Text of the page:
Concerns About Costumes

I don’t believe that a trigger warning should be required before posting this picture from a few years ago.

One of the recurring themes I find myself revisiting as I write about my experiences raising girls is my belief in letting them be whoever they want to be, to resist outside influence and gender stereotypes while at the same time trying not to devalue femininity. To teach my girls that it is OK to wear pink and dress like a princess when they want to, but also that there is no reason why they can’t be a knight as well.

I spend a lot of time reading, both on-line and off, and recently came across an article about the appropriateness of certain costumes for children, fully expecting it to be about the over-sexualization of costumes for little girls and issues with little boy’s costumes being too violent and gory. I figured I’d probably agree with some points, find a few others to be over-reactionary and move on to whatever I found next that appeared potentially interesting.

Instead I was presented with hyperbolic nonsense, a perfect rebuttal to my piece defending political correctness . It took multiple readings before I was positive that it wasn’t intended to be satirical. The author started by calling out Indian costumes as racist, an opinion I can agree with, lost me when she said military and policemen costumes promoted violence, and completely went off the rails by saying superheros were ableist and pirates promoted rape culture.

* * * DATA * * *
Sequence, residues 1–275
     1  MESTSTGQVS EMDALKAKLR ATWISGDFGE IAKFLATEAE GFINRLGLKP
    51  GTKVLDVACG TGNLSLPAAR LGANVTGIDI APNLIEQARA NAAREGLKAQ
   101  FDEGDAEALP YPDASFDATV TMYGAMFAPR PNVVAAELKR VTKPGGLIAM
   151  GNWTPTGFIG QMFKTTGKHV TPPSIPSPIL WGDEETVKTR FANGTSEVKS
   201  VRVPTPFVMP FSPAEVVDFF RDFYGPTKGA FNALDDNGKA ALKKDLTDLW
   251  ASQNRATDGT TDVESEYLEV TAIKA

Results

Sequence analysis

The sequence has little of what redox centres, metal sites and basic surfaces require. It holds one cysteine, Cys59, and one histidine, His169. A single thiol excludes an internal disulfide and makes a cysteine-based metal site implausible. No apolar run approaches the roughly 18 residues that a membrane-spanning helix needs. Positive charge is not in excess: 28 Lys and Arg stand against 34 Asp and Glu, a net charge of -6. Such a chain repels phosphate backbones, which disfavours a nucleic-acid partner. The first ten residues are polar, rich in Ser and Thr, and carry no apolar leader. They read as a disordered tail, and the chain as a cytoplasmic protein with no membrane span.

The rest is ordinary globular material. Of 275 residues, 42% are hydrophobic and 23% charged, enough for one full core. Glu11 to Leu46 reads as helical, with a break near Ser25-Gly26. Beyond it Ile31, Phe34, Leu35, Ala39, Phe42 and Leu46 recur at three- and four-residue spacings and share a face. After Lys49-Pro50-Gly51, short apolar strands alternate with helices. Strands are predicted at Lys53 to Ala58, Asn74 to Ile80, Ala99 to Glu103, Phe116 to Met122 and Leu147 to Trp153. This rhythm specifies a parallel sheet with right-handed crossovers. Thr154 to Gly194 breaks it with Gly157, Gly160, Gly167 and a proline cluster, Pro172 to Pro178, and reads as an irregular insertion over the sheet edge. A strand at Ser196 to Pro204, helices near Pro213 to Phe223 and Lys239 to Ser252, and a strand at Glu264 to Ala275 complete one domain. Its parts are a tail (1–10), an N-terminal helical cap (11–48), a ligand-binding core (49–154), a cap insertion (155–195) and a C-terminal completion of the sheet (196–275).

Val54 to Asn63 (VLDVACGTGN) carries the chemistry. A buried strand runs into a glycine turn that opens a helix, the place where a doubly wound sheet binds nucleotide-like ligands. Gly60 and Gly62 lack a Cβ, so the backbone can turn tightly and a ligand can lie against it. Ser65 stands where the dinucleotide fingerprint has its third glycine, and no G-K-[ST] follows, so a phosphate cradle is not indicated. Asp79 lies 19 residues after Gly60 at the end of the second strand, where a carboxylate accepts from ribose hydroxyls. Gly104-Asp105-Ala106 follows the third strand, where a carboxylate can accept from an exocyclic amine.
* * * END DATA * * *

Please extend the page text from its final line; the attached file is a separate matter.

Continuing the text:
I’m aware that Captain Hook is no more representative of actual historical piracy than Hagar the Horrible is of the Vikings, but I don’t believe that a trigger warning should be required before posting this picture from a few years ago.

This isn’t to say that reasonable conversations about children’s costumes and cultural appropriation are completely irrelevant. I don’t think an Asian household would be offended by a gaggle of ninjas knocking on their door, but I can’t help but cringe at store displays full of war bonnets and tomahawks, afro wigs and fake gold chains.

Last year my daughter was Captain America and I was proud of the fact that no reason ever occurred to her about why she shouldn’t be. It wouldn’t have surprised me at all if this year she had chosen Iron Man or Black Widow. But what if it had been Falcon or Black Panther? Her favorite X-Man is Storm and her weather powers. Would that still have been OK?

I believe it would be fine. A recent conversation in a Dad Bloggers Facebook group quickly brushing aside any doubts and instead turning towards the celebration of the fact that there are now so many non-white characters that children have to emulate.

In the end we settled on a Punk Rock Vampire costume. Here at Thirsty Daddy we in no way endorse achieving immortality through the consumption of another’s hemoglobin. We apologize in advance to any persons, living or undead, who may take offence.

This post was previously published on ThirstyDaddy and is republished here with permission from the author.


Have you read the original anthology that was the catalyst for The Good Men Project? Buy here: The Good Men Project: Real Stories from the Front Lines of Modern Manhood


If you believe in the work we are doing here at The Good Men Project and want to join our calls on a regular basis, please join us as a Premium Member, today.

All Premium Members get to view The Good Men Project with NO ADS.

Need more info? A complete list of benefits is here.

Photo credit: Jeremy Barnes

Back to Top